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I have a problem with simple reading from the file that shares file pointer between a few objects (It works for me with just simple istream, but not when I am using shared pointer of istream pointers).

I am trying to read the whole file to the buffer (file itself is a few lines long.

The code compiles, but throws segmentation fault.

The class that uses shared_ptr:

RecordsSplitter::RecordsSplitter(char *filename):iStream( new ifstream(filename, ifstream::in|ifstream::binary))
{
}


string RecordsSplitter::buildRecord() {
       char *buffer;
        int buffer_length;
        iStream->seekg (0, ios::end)_
        buffer_length = iStream->tellg();
        cout << buffer_length;
        iStream->seekg(0, ios::beg);
        iStream->read(buffer,buffer_length);
        iStream->close();
        cout << buffer;

        return 0;
}







int main(int argc, char* argv[]) {
        RecordsSplitter *splitter;
        splitter = new RecordsSplitter(argv[2]);
        int return_num = splitter->buildRecord();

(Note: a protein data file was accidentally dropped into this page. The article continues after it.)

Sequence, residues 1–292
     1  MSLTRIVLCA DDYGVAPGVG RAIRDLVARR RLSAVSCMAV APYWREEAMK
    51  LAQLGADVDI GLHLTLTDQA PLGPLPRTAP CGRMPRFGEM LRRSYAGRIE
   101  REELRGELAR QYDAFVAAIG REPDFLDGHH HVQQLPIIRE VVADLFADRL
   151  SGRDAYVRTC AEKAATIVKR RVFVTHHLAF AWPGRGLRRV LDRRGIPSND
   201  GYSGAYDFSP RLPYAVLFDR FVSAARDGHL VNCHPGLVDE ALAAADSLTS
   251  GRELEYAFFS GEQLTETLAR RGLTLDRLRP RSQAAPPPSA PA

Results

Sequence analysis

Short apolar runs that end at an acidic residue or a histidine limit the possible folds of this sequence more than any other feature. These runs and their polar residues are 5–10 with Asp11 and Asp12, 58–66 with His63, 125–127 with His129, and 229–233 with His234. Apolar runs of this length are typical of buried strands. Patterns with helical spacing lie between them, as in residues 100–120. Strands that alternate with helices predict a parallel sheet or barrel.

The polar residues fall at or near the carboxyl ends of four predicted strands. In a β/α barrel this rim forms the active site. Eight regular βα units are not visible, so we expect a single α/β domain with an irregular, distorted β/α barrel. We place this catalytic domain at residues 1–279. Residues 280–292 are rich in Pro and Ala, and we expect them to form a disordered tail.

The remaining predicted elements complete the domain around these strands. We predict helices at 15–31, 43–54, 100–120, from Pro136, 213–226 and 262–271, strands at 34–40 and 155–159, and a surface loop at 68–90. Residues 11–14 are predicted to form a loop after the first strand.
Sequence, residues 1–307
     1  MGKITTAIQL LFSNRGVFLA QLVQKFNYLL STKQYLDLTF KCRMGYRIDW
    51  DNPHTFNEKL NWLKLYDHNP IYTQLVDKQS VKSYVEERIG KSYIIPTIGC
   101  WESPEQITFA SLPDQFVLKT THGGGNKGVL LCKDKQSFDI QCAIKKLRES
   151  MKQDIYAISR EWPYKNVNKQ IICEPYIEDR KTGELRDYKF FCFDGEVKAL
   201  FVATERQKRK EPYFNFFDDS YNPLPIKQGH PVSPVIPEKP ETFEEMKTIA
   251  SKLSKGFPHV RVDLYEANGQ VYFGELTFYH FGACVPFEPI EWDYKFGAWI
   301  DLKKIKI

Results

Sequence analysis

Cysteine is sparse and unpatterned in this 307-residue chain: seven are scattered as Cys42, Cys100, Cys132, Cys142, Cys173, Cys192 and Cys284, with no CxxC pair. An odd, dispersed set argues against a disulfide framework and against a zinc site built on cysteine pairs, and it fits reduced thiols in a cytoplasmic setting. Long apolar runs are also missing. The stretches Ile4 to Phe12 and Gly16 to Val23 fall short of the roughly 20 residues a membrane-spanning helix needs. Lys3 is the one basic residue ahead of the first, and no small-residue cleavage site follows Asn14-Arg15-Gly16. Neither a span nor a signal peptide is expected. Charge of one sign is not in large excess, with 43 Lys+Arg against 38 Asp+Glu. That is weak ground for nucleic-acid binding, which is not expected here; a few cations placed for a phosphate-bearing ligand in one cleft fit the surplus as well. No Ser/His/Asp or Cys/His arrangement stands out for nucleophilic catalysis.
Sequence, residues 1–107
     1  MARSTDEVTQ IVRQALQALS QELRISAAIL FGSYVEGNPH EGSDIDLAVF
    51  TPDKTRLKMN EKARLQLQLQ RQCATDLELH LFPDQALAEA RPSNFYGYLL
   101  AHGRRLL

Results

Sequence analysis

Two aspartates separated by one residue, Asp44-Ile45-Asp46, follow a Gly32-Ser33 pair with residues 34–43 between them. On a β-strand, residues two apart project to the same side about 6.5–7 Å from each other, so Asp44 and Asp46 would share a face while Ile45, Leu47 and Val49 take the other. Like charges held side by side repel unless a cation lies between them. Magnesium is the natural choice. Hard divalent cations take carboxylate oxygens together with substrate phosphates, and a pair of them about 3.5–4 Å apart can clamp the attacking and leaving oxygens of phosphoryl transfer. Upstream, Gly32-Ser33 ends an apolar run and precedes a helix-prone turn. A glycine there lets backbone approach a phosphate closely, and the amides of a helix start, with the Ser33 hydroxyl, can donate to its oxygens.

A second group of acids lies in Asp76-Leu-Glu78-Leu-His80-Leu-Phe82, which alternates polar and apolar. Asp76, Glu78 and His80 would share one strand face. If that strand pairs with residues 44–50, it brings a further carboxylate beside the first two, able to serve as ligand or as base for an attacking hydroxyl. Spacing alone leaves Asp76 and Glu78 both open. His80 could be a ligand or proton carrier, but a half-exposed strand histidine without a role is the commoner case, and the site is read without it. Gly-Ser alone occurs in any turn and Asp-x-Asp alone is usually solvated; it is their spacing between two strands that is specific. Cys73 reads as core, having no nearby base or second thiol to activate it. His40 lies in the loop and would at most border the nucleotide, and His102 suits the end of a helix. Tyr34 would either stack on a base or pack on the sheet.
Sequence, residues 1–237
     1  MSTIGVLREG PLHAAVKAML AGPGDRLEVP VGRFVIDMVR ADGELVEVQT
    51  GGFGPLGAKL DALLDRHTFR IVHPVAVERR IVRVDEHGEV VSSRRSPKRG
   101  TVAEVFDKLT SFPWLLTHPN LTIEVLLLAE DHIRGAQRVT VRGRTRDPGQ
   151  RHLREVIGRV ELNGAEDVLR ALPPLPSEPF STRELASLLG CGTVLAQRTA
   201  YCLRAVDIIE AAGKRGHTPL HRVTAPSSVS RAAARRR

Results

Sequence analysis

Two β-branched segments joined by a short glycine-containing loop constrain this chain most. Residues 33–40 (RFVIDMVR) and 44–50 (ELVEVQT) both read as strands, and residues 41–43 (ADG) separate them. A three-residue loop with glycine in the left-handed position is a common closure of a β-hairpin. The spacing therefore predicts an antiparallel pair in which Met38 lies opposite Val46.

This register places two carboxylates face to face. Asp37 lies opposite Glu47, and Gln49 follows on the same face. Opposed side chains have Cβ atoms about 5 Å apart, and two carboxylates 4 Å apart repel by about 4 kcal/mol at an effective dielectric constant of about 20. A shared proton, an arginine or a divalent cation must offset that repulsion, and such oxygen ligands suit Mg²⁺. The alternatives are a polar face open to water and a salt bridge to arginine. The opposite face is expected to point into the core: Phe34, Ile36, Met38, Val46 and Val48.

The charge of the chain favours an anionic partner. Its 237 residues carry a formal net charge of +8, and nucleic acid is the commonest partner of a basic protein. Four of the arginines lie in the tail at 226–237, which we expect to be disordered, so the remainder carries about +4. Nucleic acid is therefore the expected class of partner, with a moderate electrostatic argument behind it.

return 0;
}
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4  
I can't see any shared_ptr in your code. –  pmr Aug 1 '11 at 14:02
2  
where do you initialize your buffer? –  imre Aug 1 '11 at 14:03
2  
Do not write C++ code like this: all your pointers and uses of new are redundant. Use plain objects instead of pointers. Your code is error-prone and complicated. –  Konrad Rudolph Aug 1 '11 at 14:15
1  
"The code compiles, but throws segmentation fault." Could you paste the code that compiles? The code you pasted doesn't. It is both incomplete and incorrect. Please provide a minimal, complete program that demonstrates the error you see. For information about how to produce a minimal complete sample program, and why producing it is a good idea, see sscce.org –  Robᵩ Aug 1 '11 at 14:18
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1 Answer

You declare your buffer but you don't initialise it anywhere. You need this in your buildRecord function or a use of malloc if you so desire.

buffer = new char[buffer_length];

Your seg fault is caused by this uninitialised pointer

Don't forget to clean up!

delete[] buffer;
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Thanks a lot for your help!! Works fine now yey :) –  Sharissa Aug 1 '11 at 14:12
2  
Or better yet, char buffer[buffer_length]. –  Travis Gockel Aug 1 '11 at 14:14
2  
@Travis: C++ doesn't have variable-length arrays. –  interjay Aug 1 '11 at 14:24
    
@Travis, I suppose you could have that if: const int buffer_length = iStream->tellg(); was there –  tom502 Aug 1 '11 at 14:28
    
@interjay: True, by the standard. But every compiler I use supports them. –  Travis Gockel Aug 1 '11 at 14:29
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